Two of Europe's largest airlines on Saturday decided to avoid flying over the Sinai Peninsula following the crash of a Russian airliner which the Islamic State (ISIS) claimed to have downed.
German carrier Lufthansa and Air France-KLM have decided to avoid the area for safety reasons, spokeswomen for the carriers said on Saturday, according to the Reuters news agency.
"We took the decision to avoid the area because the situation and the reasons for the crash were not clear," a Lufthansa spokeswoman said. "We will continue to avoid the area until it is clear what caused the crash."
Lufthansa has less than 10 flights a day that cross the area, she said.
"Air France confirms it has set up, as a precaution, measures to avoid flights over the zone of Sinai," the spokeswoman for the carrier was quoted by Reuters as having said.
The plane, an Airbus A-321 of the Russian company Metrojet, had left the popular tourism resort of Sharm al-Sheikh and was heading towards St. Petersburg when it went down for as-yet known reasons.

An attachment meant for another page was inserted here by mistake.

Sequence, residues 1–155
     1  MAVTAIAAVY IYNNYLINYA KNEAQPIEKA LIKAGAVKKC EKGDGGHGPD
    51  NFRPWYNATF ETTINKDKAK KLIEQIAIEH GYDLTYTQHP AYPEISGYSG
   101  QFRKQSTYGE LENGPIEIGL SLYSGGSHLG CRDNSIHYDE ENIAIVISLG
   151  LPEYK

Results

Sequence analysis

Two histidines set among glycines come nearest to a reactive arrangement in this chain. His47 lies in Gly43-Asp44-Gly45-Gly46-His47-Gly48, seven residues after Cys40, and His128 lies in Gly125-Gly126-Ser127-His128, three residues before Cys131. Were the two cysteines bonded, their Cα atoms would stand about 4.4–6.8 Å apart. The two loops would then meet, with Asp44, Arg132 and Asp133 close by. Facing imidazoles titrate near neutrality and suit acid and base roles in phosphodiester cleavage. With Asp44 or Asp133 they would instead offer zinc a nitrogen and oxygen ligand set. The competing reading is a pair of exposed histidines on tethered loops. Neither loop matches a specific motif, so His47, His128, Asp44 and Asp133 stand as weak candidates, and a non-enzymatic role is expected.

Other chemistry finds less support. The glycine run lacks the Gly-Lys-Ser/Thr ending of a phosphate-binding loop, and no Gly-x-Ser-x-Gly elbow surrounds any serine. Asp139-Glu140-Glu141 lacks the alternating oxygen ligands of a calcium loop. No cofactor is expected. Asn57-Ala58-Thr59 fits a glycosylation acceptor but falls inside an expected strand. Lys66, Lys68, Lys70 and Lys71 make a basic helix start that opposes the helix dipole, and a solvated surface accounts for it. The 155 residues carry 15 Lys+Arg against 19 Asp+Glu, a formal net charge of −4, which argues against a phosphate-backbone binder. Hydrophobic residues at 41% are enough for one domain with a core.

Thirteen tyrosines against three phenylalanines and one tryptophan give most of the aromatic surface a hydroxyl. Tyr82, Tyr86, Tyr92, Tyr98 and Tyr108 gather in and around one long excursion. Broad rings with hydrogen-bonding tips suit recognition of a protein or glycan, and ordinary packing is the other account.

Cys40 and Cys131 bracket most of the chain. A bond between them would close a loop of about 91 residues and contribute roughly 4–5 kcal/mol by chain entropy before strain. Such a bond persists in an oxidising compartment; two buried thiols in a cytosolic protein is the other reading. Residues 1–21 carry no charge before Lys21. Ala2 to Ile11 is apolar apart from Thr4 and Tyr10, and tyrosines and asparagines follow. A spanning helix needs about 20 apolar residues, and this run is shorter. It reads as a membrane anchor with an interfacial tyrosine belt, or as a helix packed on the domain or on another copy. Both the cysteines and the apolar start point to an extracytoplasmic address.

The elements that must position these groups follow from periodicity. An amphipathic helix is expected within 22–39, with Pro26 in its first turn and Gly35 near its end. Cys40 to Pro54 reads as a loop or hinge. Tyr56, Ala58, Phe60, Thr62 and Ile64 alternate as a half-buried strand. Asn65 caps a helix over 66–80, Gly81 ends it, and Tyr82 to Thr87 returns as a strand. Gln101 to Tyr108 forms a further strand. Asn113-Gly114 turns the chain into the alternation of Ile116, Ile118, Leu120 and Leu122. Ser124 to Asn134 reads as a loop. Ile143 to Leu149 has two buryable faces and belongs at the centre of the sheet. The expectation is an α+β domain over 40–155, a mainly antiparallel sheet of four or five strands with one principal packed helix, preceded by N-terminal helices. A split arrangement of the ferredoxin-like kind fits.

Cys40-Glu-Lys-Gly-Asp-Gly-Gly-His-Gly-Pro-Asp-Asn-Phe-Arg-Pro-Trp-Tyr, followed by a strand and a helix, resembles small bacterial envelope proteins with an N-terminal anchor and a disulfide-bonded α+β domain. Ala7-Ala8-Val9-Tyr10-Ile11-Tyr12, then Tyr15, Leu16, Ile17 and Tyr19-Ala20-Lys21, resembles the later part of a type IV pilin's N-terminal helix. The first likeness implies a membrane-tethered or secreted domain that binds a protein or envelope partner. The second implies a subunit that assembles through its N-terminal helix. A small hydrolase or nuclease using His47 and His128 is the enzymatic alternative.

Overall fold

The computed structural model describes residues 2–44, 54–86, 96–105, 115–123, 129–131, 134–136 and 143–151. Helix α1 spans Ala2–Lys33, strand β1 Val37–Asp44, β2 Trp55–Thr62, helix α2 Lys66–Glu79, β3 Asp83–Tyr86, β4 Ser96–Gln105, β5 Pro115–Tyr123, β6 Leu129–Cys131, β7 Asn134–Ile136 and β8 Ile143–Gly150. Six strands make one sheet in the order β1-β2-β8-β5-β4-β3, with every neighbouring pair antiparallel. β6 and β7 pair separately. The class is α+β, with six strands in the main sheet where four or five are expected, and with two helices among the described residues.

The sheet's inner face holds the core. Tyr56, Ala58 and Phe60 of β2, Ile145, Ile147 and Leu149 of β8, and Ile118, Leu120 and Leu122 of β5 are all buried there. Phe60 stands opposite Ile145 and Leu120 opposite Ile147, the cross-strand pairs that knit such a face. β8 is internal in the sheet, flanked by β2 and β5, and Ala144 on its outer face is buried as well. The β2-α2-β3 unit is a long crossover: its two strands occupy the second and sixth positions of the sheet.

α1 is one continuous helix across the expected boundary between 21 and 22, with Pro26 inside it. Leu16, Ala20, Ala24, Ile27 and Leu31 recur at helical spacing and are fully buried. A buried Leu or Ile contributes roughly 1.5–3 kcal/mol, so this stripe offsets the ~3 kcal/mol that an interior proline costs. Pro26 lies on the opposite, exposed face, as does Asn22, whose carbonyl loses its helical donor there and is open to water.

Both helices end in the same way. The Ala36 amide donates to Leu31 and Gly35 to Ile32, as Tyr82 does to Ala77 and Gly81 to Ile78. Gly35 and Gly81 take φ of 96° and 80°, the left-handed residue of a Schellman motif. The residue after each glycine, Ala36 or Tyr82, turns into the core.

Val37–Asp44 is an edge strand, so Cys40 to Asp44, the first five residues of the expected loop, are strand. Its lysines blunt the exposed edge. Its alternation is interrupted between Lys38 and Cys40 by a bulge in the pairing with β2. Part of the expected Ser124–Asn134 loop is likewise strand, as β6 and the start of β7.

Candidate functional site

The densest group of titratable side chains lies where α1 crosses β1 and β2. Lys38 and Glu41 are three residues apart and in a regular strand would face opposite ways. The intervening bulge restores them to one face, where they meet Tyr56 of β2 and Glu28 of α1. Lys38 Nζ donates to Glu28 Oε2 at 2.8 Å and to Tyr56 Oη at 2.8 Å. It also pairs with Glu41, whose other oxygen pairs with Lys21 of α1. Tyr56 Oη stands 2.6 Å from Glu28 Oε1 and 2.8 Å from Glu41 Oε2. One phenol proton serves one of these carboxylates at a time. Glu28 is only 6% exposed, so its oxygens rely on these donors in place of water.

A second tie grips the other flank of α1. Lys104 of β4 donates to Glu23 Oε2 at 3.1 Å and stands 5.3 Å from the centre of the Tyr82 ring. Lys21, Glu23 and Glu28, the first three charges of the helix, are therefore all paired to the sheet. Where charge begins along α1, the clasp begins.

However, a local jihadi ISIS-affiliate, called "Sinai Province", has claimed responsibility for the crash, announcing on social media that it had shot down the plane.
Sinai Province has claimed the majority of the attacks in the Sinai since the 2013 ouster of Islamist President Mohammed Morsi, including the assassination of a top Egyptian police general and a bus bombing on a tour bus filled with South Korean tourists in the Sinai.
The group has also beheaded several hostages it held, similar to the methods used by the main ISIS organization in Iraq and Syria.
Russian officials, however, said on Saturday there is no evidence at this point to support the claim that Sinai Province was behind the airliner’s crash.
"Such reports cannot be considered true," Russian Transport Minister Maksim Sokolov told Interfax news.